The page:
I very well remember the first time I was contacted by a telemarketer who mysteriously acquired my phone number within two days of my getting it. I felt special because I had just joined a new employer and was interested in acquiring all facilities that one can go in for as a professional. The girl who had called up on the behalf of Citibank was very sweet and addressed me as “Mr. Khanna.” She offered me a credit card with no yearly rental. Needless to say, I fell into her trap and about thirty minutes later was filling up an application for a credit card. Rest, as they say is history.
Now it’s been seven years since I started working but the calls haven’t stopped. Rather they have grown in number. Forget about being sweet, the telemarketers these days are a real pain in the neck. Over the weekend, Dimple and I were subject to alls from one such telemarketer who just wouldn’t take no for an answer. One Shelja from ABN AMRO Bank begged Dimple to take a card from her bank. What irritated us most was that all these calls came from the same bank, same phone number, the same person, and all within a span of 24 hours! Don’t these bird-brained telemarketers track which numbers they’ve already called? Or do they believe that calling up a customer repeatedly will make the customer take their product? During the first call itself, Dimple told the telemarketer that she wasn’t interested in a credit card, but still she kept getting calls. What’s worse the telemarketer even told Dimple to talk in Telugu as she (telemarketer) did not know Hindi or English! Isn’t this strange? If I want to sell a product to a customer, I will ensure that I know the customers language, and not the other way round! It’s Hindi I am talking about and not French or German. It’s a shame that in spite of being Indians, most Hyderabadis don’t know Hindi.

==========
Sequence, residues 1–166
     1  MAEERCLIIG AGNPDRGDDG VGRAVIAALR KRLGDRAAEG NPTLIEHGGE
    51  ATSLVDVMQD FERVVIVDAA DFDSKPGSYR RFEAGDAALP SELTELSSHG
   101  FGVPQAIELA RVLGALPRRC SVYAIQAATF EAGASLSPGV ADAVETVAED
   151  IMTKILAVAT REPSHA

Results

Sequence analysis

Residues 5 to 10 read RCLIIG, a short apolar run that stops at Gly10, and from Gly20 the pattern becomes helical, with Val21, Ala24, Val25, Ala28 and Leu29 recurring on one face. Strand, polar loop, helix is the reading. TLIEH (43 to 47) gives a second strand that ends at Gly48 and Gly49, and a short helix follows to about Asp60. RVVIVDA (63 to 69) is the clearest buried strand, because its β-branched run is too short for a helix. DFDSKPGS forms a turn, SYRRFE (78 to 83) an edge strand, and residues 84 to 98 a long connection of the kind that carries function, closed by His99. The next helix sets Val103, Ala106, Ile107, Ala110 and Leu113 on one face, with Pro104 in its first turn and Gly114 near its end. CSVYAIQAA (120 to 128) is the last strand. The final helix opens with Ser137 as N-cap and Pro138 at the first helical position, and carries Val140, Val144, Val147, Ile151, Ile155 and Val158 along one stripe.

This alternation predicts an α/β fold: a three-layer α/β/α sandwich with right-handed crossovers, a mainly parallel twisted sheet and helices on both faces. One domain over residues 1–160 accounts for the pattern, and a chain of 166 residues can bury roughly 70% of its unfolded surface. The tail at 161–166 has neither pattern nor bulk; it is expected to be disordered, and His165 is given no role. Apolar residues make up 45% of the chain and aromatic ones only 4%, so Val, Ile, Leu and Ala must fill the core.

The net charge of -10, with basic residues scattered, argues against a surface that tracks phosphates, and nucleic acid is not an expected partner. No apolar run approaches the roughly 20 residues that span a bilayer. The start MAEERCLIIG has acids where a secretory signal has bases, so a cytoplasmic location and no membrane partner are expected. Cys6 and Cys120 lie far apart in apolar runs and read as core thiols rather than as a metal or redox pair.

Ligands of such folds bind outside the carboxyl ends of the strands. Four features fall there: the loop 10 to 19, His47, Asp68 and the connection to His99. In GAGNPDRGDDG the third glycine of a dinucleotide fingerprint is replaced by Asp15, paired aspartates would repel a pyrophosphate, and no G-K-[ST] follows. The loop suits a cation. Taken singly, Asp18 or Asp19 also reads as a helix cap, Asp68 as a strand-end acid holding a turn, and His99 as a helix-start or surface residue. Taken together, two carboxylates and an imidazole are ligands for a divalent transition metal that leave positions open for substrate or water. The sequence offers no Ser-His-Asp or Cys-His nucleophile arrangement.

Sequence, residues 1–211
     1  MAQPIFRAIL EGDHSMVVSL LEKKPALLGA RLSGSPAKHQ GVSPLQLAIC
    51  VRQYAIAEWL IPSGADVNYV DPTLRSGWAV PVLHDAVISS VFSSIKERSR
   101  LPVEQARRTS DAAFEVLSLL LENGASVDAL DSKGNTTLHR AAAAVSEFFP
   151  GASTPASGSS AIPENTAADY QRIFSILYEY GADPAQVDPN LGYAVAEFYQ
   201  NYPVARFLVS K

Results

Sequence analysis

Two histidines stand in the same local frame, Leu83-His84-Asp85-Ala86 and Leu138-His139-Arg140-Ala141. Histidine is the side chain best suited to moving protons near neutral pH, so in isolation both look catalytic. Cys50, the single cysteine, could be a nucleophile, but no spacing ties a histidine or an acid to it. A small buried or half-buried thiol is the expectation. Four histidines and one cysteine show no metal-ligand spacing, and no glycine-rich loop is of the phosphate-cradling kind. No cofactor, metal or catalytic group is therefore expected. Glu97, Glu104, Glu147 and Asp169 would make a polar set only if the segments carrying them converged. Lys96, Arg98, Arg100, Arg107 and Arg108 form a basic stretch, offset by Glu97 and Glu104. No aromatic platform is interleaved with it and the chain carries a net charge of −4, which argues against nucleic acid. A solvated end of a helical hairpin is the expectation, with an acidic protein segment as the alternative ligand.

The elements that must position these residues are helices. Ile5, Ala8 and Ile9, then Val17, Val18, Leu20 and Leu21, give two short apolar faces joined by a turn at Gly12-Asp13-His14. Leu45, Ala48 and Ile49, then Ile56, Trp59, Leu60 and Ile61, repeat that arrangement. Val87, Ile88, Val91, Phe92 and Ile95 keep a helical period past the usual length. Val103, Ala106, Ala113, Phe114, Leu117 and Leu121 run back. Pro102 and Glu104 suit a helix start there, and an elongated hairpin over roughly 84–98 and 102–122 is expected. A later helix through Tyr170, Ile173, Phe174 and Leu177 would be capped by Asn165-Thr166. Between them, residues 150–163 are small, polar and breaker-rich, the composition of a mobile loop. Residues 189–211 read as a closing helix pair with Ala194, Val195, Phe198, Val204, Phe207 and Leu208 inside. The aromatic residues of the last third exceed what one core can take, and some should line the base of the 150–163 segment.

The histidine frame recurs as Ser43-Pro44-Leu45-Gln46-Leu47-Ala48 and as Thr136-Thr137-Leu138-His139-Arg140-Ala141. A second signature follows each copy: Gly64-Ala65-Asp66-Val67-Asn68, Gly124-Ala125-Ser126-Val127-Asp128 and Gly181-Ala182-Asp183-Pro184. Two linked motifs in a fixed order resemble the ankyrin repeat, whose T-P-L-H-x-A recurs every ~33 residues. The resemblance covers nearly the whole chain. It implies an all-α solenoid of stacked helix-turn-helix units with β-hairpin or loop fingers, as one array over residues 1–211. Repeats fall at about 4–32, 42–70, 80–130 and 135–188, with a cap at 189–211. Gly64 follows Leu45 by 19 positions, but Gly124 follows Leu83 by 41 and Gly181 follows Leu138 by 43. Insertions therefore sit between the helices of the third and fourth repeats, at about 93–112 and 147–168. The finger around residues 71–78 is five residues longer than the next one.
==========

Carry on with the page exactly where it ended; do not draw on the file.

Dimple’s phone happened to be with me when another such call came. I promptly took the call and spoke very rudely to deter the person from calling again. But this didn’t help as fifteen minutes later; Dimple got another call, same number, and same person.
Fuming with anger, I called up the ABN AMRO call center and told them in no uncertain words to stop making any more calls. They took all my details and promised that after a 30-day period, I wouldn’t get any more calls. But why thirty days? They just need to remove my name from a computerized database. As expected, the person was unable to explain why this task would take thirty days.
Unfortunately, ABN AMRO isn’t the only bank that makes such unsolicited calls. ICICI, HDFC, Citibank and god knows how many other companies use this method to get customers. So I’ve spent a better part of the morning visiting websites of these institutions to add my details to the “Do Not Call Registry” database because the Supreme Court of India has directed all banks to maintain such a database.
Hopefully, this should put an end to unsolicited calls.